FuturLab does an excellent job pacing the player in to learning new mechanics, new power-ups, and allows them to perfect their skills in a handful of interesting boss fights… before replaying earlier levels, in order to beat the clock. If you’re not in to speed running (which I’m not), or at least revisiting older levels a few times (which, again, I’m not), this may not be the game for you. Unfortunately hi-scores are mandatory in order to progress the story, and a lot of that has to do with blazing through stages as fast as possible. In a game that I felt was nearly flawless in its execution, this is the one area that caused me to roll my eyes and sit down my Vita.
I invested my time in to the game, which is the most precious resource of all, and although I performed (what I felt was) pretty well, I was stumped around level 43 of 50. Up until that point I had no idea the game required a certain overall score in order to unlock the next level. No matter how much I enjoyed Velocity 2X, I had absolutely no interest in replaying levels I had already beaten, just to improve my time and unlock the next stage.
In my opinion, this sort of thing (hi-scores) should be optional.
There are already Achievements and Trophies in place to earn top honors on each level, so why bother locking progression behind scores? I don’t get it. You can say get gud all you want, but I was fine putting the game down and playing something else instead. I had my fill of Velocity 2X, and what I played was fantastic, but being forced to replay older levels just wasn’t how I wanted to spend my time. It’s a shame, considering the game does so much right.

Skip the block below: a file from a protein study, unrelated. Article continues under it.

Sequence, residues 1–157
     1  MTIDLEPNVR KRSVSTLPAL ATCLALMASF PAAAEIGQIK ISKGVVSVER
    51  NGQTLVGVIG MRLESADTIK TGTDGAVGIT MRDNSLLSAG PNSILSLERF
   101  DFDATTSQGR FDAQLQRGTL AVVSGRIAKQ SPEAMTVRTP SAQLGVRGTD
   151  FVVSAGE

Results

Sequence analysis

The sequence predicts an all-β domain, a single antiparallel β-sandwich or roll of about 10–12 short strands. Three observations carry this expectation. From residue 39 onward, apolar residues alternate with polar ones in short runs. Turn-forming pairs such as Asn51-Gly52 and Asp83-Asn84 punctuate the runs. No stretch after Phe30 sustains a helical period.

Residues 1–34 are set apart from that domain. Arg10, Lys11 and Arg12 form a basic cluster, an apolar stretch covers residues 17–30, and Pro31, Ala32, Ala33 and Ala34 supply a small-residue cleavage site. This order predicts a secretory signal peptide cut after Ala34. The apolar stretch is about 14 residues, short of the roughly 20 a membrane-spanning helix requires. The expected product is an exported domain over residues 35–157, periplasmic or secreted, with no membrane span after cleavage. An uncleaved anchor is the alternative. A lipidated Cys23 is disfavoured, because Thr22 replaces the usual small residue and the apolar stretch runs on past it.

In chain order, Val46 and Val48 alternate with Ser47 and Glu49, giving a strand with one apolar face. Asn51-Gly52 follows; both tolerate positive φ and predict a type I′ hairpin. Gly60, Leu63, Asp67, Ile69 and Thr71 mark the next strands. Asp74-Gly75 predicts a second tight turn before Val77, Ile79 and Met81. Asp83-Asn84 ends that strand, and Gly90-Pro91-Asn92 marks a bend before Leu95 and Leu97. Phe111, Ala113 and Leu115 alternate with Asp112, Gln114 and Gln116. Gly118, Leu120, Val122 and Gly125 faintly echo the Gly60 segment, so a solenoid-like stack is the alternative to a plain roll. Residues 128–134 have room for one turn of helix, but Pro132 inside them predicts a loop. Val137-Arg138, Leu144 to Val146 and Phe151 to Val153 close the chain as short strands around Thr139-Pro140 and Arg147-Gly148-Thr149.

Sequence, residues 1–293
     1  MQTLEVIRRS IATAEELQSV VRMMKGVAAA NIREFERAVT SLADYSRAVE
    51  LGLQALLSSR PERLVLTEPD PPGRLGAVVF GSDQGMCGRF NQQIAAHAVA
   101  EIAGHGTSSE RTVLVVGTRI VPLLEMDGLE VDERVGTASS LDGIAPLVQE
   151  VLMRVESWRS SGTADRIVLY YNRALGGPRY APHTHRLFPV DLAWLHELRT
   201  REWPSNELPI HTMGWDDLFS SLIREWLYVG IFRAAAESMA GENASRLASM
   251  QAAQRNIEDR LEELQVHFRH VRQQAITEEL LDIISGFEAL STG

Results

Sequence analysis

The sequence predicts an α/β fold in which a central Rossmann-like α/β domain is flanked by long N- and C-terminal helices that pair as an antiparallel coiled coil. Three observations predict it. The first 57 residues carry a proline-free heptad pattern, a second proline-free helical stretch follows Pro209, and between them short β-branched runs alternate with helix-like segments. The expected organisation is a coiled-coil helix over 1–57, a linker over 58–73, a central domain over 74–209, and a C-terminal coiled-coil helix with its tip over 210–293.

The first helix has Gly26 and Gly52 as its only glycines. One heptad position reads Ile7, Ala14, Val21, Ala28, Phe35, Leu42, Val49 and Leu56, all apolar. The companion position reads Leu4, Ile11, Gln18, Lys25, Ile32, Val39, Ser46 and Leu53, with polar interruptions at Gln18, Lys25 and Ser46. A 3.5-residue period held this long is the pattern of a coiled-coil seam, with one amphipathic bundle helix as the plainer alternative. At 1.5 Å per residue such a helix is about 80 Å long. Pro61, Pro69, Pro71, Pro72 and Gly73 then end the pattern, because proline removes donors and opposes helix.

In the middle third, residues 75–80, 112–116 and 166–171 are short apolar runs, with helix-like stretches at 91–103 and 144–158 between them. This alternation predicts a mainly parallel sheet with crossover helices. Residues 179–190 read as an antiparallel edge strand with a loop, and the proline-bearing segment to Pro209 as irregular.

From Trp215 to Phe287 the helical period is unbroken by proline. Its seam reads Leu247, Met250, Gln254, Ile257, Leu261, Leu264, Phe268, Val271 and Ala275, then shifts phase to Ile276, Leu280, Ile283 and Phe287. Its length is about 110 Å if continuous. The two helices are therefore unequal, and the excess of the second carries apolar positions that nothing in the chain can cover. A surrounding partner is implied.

*So where’s the final score? There isn’t one. I did spend a lot of time conveying my opinion in the above text, and I hope that’s worth more to you than some arbitrary number or a sequence of shaded in star shapes. Basically, I’m not a fan of scores so I no longer use them. Read the review and judge for yourself if it’s worth playing.
Velocity 2X is available on multiple platforms, and has been since 2014. Although I dabbled in the game on PS4, this review is mostly based on my experience with the Playstation Vita version.